Wade squirmed around, pausing in his ruminations. Definitely his coccyx. Or – he shoved a hand under his ass into the couch cushions. Ah. A cheeto, so stale it was practically mummified. So maybe not his coccyx.

Heh heh. Coccyx.

Point was, Wade had no real point of reference for nursing someone who should have been dead but wasn't.

He was chewing the cheeto thoughtfully when the thought struck him. What did norms do when they were sick?

Call a doctor!

Except he didn't know any of the variety who'd take a bloodied merc who in all likelihood had gotten injured and mostly dead dead while doing something extremely illegal. (And yet was not a zombie. Wade was never going to repeat that enough.)

“I'm not helping that asshole,” Weasel said.

“Oh, that – come on, you can't still be holding that against him? It was just a wedgie,” Wade told him consolingly.

“Correction. It was 'just' an atomic wedgie. I had to go to the ER and everything. I was picking cotton out of my crack for weeks!”

“It wasn't personal. Okay, it was pretty personal. I did tell you about not doing that thing that you do, didn't I? In front of him? In front of me? And wasn't the wedgie pretty hilarious? Come on Weaz, don't you know any doctors?”

“No one I hate that much.” Weasel was eating something loudly in his ear. Crunch, crunch, chew. Swallow.

“I'm aware this is a very ironic thing for me to say, but that is disgusting,” Wade told him sadly. “Your momma must be rolling in her grave.”

“One, my 'momma' is still in very good health and therefore, alive. In Hoboken though, so I guess 'alive' is a relative term. Two, she's a horrible bitch and wouldn't piss on me if I were on fire and someone was sprinkling crack and hundred dollar bills onto my burning carcass. Three, don't talk about my goddamn mother. Four, I'm chewing so I don't have to hear you asking me for a certain favor that I will never grant and we shall never speak of again.”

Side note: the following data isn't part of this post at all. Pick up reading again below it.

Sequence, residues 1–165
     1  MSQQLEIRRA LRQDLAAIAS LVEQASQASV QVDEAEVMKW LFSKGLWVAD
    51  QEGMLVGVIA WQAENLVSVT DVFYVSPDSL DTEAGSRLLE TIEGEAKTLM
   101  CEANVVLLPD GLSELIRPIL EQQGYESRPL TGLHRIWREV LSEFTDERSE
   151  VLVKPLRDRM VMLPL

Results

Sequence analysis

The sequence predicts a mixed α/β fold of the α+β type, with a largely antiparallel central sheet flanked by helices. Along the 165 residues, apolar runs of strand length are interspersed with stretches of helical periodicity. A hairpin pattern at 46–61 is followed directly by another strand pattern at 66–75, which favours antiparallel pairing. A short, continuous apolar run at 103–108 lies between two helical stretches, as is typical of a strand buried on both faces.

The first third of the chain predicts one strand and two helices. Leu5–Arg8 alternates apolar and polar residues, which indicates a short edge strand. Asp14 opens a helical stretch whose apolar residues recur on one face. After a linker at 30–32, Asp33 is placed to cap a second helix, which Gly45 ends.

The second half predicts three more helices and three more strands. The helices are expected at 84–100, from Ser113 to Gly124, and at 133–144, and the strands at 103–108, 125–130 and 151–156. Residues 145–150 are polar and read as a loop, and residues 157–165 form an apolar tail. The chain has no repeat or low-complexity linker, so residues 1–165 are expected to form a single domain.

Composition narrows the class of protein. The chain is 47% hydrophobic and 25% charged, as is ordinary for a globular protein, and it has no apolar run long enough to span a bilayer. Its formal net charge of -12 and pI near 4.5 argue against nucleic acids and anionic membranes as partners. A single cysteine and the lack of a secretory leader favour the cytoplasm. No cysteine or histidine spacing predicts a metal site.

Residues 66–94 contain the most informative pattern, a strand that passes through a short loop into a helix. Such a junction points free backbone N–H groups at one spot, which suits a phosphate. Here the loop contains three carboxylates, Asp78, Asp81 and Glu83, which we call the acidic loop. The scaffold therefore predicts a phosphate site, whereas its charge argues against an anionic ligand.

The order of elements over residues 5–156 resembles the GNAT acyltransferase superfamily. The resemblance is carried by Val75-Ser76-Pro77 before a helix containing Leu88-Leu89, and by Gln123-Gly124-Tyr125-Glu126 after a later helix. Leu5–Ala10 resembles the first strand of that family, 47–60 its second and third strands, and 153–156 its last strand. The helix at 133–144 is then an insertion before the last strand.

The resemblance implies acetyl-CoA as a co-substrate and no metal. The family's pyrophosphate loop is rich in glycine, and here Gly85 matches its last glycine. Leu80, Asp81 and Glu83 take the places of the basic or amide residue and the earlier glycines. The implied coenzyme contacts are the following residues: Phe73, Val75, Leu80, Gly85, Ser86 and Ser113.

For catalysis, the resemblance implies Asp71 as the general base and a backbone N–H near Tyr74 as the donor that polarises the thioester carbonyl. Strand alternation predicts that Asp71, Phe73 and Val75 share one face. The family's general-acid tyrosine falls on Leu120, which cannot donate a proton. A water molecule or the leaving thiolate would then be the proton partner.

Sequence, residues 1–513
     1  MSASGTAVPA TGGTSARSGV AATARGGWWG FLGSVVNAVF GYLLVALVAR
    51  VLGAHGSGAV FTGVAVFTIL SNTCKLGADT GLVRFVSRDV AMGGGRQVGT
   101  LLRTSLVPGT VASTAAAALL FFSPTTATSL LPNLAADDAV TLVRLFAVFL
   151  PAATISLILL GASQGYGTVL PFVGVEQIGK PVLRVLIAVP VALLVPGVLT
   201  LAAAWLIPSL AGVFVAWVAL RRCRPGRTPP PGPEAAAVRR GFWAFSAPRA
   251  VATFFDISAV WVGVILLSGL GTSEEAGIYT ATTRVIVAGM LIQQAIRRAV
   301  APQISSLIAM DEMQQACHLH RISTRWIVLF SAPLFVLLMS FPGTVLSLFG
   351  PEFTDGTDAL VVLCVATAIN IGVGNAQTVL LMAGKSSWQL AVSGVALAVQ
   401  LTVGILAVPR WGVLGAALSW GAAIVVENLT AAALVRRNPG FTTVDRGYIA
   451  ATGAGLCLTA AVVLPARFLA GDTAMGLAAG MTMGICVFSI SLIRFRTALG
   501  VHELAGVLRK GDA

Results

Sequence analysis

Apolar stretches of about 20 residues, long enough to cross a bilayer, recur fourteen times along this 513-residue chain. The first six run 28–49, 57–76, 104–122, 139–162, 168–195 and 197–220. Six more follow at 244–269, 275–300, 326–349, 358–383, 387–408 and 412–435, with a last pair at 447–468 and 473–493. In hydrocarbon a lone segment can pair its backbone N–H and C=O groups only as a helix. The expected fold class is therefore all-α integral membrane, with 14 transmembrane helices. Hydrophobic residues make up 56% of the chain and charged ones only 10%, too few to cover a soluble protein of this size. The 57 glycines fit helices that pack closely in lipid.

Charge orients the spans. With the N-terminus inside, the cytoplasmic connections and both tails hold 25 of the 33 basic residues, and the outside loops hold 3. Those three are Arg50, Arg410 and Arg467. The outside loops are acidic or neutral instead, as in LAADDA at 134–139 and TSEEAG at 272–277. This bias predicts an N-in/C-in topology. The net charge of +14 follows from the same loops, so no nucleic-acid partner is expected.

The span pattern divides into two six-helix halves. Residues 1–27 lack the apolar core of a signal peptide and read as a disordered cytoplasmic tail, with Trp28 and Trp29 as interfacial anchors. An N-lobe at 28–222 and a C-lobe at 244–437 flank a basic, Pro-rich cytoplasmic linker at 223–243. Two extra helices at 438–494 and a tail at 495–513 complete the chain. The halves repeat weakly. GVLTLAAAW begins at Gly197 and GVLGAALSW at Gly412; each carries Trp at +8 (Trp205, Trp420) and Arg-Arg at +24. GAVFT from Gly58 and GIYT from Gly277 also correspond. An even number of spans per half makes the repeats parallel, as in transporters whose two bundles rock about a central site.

“Wow,” Wade said after a moment. “Uh...huh. Firstly, I gotta say, suddenly many things about you make sense now—” But Weasel had already hung up on him.

Alex laughed at him, long and hard, full belly laughs that Wade could still hear as he glumly pressed End.

Sandi was totally off the list too. He wasn't even going to ask, mostly because she'd kill him for letting Tony get dead, then Alex would kill him again for getting Alex's not-really-girlfriend-because-he-never-had-the-cojones-to-ask-her-out involved, and then Tony, if he stayed alive and woke up, would also kill Wade just on principle, because he hated Alex.